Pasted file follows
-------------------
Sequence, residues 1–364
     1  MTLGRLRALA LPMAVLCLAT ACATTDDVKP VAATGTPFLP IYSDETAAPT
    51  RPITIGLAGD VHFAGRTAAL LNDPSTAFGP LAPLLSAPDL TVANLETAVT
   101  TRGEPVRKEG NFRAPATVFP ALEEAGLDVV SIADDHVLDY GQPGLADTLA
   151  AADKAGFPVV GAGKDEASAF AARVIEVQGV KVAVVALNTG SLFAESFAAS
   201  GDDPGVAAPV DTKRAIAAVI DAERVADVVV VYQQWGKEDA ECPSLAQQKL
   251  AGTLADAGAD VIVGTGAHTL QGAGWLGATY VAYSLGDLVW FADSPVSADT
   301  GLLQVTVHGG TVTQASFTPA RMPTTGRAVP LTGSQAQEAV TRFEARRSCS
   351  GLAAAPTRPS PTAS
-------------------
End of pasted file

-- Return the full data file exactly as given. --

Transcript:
Sequence, residues 1–364
     1  MTLGRLRALA LPMAVLCLAT ACATTDDVKP VAATGTPFLP IYSDETAAPT
    51  RPITIGLAGD VHFAGRTAAL LNDPSTAFGP LAPLLSAPDL TVANLETAVT
   101  TRGEPVRKEG NFRAPATVFP ALEEAGLDVV SIADDHVLDY GQPGLADTLA
   151  AADKAGFPVV GAGKDEASAF AARVIEVQGV KVAVVALNTG SLFAESFAAS
   201  GDDPGVAAPV DTKRAIAAVI DAERVADVVV VYQQWGKEDA ECPSLAQQKL
   251  AGTLADAGAD VIVGTGAHTL QGAGWLGATY VAYSLGDLVW FADSPVSADT
   301  GLLQVTVHGG TVTQASFTPA RMPTTGRAVP LTGSQAQEAV TRFEARRSCS
   351  GLAAAPTRPS PTAS